Shmuel Alef Perek 15

In this perek, Shaul is commanded to annihilate the nation of Amalek, even the animals. The Mefarshim explain that the concept that Amalek represented, (doubt and happenstance), hides Hashem's presence in this world. Thus, even the slightest manifestation of this, even their livestock, required destruction. Thus, we do not want anyone even mentioning anything connected to the name of Amalek. Others point out that Amalek possessed some form of magic whereby they could turn themselves into animals). Either way, Shaul goes against this Divine command and has mercy on the animals (not to mention keeping their king alive too) in order to use as sacrifices to Hashem. Shmuel reprimands Shaul for this; notifying him that his reign as king will come to an end. What exactly was Shaul’s sin?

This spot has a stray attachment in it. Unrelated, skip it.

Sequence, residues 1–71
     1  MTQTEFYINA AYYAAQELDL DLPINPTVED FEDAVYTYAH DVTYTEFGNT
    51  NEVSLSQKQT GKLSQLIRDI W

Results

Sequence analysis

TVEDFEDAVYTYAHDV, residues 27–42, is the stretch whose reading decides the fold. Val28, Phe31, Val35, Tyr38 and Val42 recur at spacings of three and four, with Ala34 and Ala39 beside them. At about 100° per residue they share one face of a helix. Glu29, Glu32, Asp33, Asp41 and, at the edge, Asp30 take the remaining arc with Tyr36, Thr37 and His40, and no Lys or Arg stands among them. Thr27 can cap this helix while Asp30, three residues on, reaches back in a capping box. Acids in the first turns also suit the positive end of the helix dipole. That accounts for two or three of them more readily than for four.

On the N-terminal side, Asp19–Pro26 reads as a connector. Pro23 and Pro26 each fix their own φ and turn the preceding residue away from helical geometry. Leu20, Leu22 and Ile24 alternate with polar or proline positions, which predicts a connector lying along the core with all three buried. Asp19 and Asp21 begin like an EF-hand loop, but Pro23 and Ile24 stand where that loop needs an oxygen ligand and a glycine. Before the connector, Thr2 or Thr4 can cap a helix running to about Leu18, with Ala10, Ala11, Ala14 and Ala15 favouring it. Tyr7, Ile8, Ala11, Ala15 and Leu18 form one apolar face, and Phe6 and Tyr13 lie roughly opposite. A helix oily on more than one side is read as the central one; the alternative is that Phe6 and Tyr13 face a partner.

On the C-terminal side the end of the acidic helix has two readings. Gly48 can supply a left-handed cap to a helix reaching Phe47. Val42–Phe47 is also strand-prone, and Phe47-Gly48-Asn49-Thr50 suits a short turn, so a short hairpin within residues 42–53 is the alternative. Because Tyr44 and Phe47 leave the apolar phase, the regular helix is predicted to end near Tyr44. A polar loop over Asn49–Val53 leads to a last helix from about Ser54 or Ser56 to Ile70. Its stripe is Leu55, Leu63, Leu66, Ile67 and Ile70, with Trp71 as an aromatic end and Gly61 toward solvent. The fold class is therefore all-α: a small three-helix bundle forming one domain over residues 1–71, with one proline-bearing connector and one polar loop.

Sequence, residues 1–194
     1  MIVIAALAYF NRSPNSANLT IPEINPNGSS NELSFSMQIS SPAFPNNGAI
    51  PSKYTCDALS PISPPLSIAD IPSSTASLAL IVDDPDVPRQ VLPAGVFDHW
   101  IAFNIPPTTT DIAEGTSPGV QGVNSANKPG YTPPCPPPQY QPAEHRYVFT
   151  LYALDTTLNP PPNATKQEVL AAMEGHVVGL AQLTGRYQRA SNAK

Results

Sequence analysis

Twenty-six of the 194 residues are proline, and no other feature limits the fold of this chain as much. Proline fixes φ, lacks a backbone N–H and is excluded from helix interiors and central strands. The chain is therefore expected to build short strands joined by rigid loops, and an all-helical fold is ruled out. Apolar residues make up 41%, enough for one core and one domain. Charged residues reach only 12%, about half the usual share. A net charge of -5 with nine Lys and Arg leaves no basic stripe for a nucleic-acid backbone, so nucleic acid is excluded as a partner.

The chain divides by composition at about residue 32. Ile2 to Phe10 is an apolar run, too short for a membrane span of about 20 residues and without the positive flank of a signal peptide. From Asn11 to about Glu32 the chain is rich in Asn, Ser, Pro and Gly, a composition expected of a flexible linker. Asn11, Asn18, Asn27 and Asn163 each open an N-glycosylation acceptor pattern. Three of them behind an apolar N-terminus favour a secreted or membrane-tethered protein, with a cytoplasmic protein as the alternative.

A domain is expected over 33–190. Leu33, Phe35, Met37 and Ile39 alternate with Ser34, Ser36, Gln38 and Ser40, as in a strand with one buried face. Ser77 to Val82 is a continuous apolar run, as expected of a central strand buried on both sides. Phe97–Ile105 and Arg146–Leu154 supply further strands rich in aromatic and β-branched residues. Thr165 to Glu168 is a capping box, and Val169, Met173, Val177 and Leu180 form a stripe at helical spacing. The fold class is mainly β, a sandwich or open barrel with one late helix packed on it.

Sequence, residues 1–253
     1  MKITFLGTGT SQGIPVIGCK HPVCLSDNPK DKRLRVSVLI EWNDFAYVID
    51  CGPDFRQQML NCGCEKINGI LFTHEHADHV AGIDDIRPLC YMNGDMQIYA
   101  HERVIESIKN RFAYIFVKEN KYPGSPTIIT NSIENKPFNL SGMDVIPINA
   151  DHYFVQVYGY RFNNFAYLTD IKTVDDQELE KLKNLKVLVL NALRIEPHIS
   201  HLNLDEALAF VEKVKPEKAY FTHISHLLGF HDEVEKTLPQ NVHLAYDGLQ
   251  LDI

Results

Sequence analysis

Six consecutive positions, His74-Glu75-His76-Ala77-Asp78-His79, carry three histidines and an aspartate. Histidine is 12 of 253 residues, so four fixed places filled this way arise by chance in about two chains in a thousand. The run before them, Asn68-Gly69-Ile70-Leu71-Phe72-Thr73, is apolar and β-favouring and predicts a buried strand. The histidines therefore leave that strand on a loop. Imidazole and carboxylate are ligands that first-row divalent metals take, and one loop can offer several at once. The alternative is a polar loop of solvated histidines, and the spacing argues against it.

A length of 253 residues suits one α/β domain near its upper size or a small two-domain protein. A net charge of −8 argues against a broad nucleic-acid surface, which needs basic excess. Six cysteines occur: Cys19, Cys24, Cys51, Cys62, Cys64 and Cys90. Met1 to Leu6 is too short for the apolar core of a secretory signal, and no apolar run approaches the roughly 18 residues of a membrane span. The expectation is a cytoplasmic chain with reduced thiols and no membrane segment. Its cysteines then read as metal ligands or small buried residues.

A beautiful idea is put forward by Rav Aharon Lichtenshtein (and others say it too), in a throwback to a comment of the Malbim in Vayera (20:11). Shaul’s mistake was that he went with his own ideas over Hashem’s commands. Shaul felt that it was moral to leave the animals alive, and generally show mercy. What he did not realise (on his level) was that when Hashem commands us to do something, our workings and calculations are irrelevant; especially if these calculations and rationalisations are on the basis of ‘morality.’ For ultimate morality is dictated by Hashem; our versions of morality are subjective and biased - only Hashem’s objective morality is true, real and accurate. And besides, adds Rav Aharon, if Shaul was really going with his own subjective version of morality, why did he kill any of the people of Amalek?! This is also why this sin saw Shaul stripped of the kingship. For a king’s role is to follow Hashem’s will (and lead the people in that direction too) unwaveringly - but Shaul showed that his personal calculations and ideas came before those of Hashem. Such a person cannot be a spiritual leader of the people. This idea is really an offshoot of emunah and bitachon. Just like we rely on Hashem in our lives and events, so too are we to rely on Hashem to dictate what is and isn’t moral.